Densho Digital Archive
Japanese American Museum of San Jose Collection
Title: Richard Konda Interview
Narrator: Richard Konda
Interviewers: Tom Ikeda, Tom Izu
Location: San Jose, California
Date: November 30, 2010
Densho ID: denshovh-krichard_2-01-0010

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TI: So after Lowell, after you graduated from high school, what happened next?

RK: So I went to City College of San Francisco for a couple of years, and eventually ended up at Berkeley after a couple years at City College.

TI: And what did you major in at Berkeley?

RK: So I was a political science major, and while I was going to college, both at City College and at Berkeley, I worked -- actually for a relative of mine. And he had a advertising agency on the, as part of his business, but the other part of his business was a warehouse where he actually had a lot of Japan Airlines stuff, like posters and other stuff, and they used to distribute that throughout the United States. So I ended up working there one summer and then ended up working there part time while I was going to college. And in the course of working there, a number of the co-workers were Korean immigrants. And sometimes they would come in with different kinds of problems with their PG&E bill or their telephone bill or whatever, something that they just couldn't figure it out or needed somebody to help them with. So I'd end up sitting there kind of helping them figure out what number to call or how to solve a problem. If I couldn't figure it out, we'd call up the DMV or whatever. And during that time, there was like four or five Korean Americans who kind of came through the warehouse, and I worked with them and they worked with me. It actually was a good experience for me in terms of making some money and then really being exposed to some of the issues that immigrants kind of have to deal with. So that was something I did while I was going to college, and then I graduated from college and I worked full-time at that warehouse for a couple of years before I went to law school.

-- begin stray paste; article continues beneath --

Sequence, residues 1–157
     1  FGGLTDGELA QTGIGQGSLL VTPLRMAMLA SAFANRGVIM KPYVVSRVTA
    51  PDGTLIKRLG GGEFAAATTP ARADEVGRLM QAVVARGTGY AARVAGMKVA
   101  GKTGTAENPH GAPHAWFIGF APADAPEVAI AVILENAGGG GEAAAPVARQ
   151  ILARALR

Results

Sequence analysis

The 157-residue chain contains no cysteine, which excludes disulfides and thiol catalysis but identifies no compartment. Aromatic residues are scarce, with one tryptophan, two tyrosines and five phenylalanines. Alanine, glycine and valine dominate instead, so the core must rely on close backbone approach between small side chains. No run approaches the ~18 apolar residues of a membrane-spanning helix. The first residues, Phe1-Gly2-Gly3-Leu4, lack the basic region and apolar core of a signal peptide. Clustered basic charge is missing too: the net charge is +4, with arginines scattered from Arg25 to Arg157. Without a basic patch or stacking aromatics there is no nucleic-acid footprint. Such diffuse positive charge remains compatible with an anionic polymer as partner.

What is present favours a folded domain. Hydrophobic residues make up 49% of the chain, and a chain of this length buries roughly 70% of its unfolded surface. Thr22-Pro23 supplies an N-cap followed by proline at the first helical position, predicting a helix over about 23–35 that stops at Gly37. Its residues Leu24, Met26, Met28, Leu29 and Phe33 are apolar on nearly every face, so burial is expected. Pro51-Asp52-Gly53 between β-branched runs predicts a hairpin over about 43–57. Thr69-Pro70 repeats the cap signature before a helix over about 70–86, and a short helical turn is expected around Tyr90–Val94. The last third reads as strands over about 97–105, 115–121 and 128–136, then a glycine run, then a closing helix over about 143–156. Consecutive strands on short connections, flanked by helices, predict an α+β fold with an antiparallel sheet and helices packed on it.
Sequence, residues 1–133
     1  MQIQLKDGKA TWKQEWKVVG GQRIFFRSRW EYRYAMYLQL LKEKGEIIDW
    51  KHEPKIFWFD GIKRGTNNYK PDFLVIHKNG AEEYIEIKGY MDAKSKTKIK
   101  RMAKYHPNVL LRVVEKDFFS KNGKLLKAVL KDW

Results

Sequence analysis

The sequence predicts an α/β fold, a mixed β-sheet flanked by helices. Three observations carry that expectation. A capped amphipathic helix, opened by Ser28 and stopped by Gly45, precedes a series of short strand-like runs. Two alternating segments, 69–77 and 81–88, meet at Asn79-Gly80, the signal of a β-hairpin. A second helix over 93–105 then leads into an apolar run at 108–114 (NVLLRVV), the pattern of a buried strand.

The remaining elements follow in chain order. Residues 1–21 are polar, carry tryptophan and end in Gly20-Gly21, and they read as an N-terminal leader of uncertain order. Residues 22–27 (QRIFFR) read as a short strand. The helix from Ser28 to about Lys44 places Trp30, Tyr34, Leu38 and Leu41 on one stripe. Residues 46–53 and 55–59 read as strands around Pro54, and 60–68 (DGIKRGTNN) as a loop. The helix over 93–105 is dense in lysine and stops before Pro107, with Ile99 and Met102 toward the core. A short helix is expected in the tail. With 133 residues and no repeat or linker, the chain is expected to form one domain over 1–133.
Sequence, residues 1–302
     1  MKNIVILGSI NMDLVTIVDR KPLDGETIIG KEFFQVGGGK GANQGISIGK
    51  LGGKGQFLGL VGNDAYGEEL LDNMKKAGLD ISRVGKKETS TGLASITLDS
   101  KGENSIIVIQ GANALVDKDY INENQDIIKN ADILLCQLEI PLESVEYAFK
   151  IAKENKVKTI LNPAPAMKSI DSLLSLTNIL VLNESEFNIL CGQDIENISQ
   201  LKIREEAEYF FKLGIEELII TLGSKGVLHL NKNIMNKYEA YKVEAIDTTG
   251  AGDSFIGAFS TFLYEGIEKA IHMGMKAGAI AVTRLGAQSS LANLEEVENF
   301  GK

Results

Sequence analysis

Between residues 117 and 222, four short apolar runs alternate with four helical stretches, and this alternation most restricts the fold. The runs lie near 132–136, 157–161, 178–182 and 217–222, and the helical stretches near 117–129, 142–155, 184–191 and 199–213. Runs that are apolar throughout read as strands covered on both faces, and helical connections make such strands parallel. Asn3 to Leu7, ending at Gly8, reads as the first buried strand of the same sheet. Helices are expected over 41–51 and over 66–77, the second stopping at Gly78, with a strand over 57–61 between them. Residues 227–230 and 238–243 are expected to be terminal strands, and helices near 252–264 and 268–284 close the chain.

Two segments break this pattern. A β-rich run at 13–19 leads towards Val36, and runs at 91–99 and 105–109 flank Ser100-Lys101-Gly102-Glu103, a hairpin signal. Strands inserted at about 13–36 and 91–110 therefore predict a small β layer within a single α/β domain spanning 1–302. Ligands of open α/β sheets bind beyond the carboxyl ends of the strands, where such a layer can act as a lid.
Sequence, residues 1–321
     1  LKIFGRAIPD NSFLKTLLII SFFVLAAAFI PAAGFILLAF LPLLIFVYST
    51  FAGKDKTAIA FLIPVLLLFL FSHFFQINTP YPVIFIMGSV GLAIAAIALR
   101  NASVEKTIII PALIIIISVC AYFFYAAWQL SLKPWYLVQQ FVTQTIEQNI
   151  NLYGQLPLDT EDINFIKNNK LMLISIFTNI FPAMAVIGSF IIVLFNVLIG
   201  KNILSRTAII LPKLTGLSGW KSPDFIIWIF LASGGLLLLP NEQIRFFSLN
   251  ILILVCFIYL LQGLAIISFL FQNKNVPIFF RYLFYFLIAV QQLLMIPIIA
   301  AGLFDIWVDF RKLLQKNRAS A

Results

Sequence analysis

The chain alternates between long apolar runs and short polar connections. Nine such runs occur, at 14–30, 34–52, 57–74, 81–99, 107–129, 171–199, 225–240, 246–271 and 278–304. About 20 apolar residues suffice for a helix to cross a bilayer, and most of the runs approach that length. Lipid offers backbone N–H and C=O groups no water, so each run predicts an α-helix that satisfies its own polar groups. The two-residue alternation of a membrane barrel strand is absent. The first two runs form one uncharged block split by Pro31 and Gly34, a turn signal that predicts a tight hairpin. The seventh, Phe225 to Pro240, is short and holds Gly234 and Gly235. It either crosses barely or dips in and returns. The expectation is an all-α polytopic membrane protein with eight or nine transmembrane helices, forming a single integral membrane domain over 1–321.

TI: So it sounds like this was a pretty influential time in terms of dealing with and understanding immigrant rights and some of the challenges immigrants had in terms of navigating the system.

RK: Yeah, I think prior to that, I don't know that I had a concrete idea of really what a person whose English is somewhat limited, who's really not familiar with how things work, how they cope with that. But it became clear to me, just based on my everyday experience with these coworkers, that there are just different things that would come up that they would just, they couldn't figure it out or they needed somebody to kind of help them.

TI: So during this period when you just finished college with a Poli Sci major, did you know what you wanted to do with your life? Was law part of your plan at that point?

RK: It was something I had been thinking about, but I wasn't quite clear if that's something I wanted to really do. So I just kind of worked a little bit, saved some money, and then began the process of applying to law school. And then eventually I did get into law school.

TI: 'Cause I could hear my parents, if I got a Poli Sci degree, the first thing they would say, "Well, what do you do with a Poli Sci degree?"

RK: [Laughs] Right, yeah.

TI: And were your parents like that, too?

RK: Oh, yeah. My dad had the same conversation with me, I mean, he wanted me to become a dentist or something else, it just, it just didn't seem like something I wanted to do. I mean, they, there was an expectation that you need to do something more than just work at this warehouse, and you need to go on from there. So I eventually did go and get into law school.

TI: And so how did you respond when your dad would kind of say, "So you have to do something." "Richard, what are you gonna do with your life?" What was your response to him?

RK: So, well, the thing that was interesting was that the place I was working for actually had offered me a job to kind of work upstairs in the ad agency side. And so I was kind of mulling that over as well, but as it turned out, I was admitted to law school at the same time. So to me, the choice was, well, I should try law school.

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